PURCHASINGB2B MAGAZINE, NOVEMBER/DECEMBER 2010: The era of eco-friendly urban parcel delivery has begun, with the deployment by Novex Delivery Systems of two new all-electric delivery vans in Vancouver, the first such vehicles in Canada.
At the unveiling in Vancouver’s Millenium Water development, billed as the most sustainable community in Canada, a biodiesel truck drove past as Novex’s CEO Robert Safrata said, “that is how we’ve done business in the past.” Right behind it were the two electric vans, as Safrata continued “and this is how we’re doing business today and in the future!”
Novex has taken the lead among same-day courier companies being among the first Canadian courier companies to adopt hybrid vehicles like the Toyota Prius—which are still the mainstay of their fleet—and becoming carbon neutral in 2008. The acquisition of electric vans is part of the company’s commitment to reduce its carbon footprint by 70 percent by 2015.
The Newton van that Novex has acquired is manufactured by Smith Electric Vehicles, which for some 80 years has been building electric delivery vehicles in the UK. Recently, the technology has been licensed to an American company based in Kansas City, Missouri, where the vehicles will be built.
The Newton can be configured in various ways, and has a top speed of 80kmh with a range of up to 250km, depending on the configuration of the lithium-ion battery packs. A short ride around the block showed that the three-ton Newton will be a useful and maneuverable van for Novex.
Novex calculates that the two new electric vans will contribute to a reduction in emissions on the order of 58 tonnes of CO2 per year, equivalent to taking 12 cars off the road each year. In addition, the fuel savings are expected to be approximately $25,000 per year.
Results like this are quantifiable, but there has to be a culture of corporate altruism in place to create a sustainable company in a field where the very nature of the business activity—using trucks to deliver things—contributes to environmental degradation.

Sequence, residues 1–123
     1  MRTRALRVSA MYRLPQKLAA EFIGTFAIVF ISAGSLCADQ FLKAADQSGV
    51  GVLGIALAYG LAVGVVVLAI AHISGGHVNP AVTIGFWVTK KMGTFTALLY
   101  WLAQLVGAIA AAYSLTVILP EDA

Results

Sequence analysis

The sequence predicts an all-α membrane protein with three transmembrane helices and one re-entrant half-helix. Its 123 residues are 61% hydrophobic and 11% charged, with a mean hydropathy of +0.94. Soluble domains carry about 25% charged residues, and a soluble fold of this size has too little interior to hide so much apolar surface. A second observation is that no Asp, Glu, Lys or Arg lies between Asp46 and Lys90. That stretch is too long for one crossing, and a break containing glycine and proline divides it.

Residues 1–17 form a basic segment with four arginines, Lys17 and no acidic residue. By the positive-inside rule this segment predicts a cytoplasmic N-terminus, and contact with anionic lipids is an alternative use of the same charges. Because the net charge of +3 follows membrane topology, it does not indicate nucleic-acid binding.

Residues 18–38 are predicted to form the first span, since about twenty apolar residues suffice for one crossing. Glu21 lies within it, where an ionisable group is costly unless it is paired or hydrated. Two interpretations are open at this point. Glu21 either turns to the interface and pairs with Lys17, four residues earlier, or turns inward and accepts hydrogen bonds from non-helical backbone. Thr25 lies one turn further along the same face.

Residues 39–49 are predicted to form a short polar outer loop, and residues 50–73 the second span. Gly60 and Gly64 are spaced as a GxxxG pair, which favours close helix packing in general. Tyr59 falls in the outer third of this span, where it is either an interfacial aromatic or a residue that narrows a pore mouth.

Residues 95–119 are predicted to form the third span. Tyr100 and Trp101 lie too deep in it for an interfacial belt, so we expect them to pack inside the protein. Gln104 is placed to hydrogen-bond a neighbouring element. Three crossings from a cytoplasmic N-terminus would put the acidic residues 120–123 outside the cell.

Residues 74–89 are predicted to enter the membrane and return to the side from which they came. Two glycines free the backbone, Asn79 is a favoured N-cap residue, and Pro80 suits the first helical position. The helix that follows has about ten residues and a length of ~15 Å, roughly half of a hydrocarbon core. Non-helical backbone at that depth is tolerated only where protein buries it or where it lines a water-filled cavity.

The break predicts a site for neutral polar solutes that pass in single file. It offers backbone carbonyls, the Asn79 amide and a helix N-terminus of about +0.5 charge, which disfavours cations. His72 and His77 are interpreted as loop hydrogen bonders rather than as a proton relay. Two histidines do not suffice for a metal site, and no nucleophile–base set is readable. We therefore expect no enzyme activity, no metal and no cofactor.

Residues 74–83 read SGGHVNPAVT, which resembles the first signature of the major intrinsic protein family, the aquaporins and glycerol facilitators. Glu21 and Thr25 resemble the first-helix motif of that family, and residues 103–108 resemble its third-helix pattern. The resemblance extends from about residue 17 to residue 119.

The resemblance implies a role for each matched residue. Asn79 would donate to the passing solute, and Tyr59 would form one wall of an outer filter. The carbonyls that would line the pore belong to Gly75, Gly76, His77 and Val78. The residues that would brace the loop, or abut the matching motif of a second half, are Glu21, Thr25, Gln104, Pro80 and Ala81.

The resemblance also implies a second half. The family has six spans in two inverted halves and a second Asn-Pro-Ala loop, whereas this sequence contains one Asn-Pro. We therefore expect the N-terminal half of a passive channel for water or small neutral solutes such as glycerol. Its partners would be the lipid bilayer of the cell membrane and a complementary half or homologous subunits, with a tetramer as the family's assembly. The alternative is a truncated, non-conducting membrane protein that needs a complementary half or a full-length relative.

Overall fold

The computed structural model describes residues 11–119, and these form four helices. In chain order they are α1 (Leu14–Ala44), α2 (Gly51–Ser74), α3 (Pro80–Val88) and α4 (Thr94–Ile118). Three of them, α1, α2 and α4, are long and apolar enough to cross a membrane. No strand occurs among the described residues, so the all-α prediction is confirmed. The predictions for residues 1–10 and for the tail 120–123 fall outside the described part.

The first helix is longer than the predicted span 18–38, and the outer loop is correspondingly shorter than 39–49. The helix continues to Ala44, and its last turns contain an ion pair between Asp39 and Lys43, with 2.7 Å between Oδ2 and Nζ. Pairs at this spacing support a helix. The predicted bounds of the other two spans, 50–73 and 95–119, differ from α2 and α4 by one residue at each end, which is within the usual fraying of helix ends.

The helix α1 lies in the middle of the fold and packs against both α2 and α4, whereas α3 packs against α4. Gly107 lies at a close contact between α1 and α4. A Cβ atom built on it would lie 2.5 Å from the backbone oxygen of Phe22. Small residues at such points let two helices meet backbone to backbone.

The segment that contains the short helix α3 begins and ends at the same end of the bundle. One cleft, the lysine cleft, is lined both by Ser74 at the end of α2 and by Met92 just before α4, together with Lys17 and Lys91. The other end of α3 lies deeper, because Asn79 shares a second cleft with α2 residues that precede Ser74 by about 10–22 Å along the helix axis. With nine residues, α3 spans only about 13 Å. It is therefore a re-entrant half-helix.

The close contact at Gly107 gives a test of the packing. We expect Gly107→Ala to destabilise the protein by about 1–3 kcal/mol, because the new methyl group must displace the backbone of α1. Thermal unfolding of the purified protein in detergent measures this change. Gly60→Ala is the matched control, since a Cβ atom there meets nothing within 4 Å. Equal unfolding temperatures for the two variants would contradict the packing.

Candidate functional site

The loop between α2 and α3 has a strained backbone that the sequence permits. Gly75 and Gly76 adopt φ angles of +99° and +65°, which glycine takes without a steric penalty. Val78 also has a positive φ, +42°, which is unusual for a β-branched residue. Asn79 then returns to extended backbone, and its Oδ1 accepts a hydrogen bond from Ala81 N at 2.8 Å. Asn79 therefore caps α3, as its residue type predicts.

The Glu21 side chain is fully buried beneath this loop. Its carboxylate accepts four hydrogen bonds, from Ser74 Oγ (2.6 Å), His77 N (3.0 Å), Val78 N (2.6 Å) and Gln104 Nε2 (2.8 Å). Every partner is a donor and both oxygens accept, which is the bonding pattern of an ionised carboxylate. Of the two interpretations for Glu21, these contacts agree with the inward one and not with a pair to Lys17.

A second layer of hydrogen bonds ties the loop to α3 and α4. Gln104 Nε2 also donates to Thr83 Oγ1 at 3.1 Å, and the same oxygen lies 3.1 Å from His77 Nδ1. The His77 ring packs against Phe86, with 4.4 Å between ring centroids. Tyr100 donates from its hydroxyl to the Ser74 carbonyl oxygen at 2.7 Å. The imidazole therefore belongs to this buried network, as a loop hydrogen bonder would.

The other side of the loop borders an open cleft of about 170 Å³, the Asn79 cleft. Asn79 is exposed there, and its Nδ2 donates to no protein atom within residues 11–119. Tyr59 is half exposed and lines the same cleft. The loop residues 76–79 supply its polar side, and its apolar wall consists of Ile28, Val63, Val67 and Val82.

For example, Novex claims an environmental benefit from the quiet operation of these vans. “A benefit of using these vehicles for early-morning deliveries to hospitals located in residential areas is that they minimize noise pollution,” Safrata says.
Creating an entire fleet of green vehicles by 2015—the stated goal—will be a challenge given that all of Novex’s drivers are owner-operators and cannot be mandated to use a specific vehicle.
Novex’s solution? Novex Mobile Media sells space on each vehicle for mobile ads. The revenue generated is given to the drivers to subsidize the cost of the “clean” delivery vehicle.
Obviously, there is more to corporate environmental leadership than, in this case, just buying a bunch of electric trucks. Novex describes it as adhering to a triple bottom line that includes a social, environmental and economic focus.
“We have made a commitment to do the right thing and consistently focus on creating a sustainable company,” says Safrata. “Sustainability and profit are not mutually exclusive, but a necessity to compete in today’s environment.”
These are all noble and lofty goals for a parcel delivery company, but it all begins where the rubber meets the road, with the delivery vehicle. Novex’s deployment of electric vans is the logical step towards the completely green and sustainable business model it is are pursuing so passionately.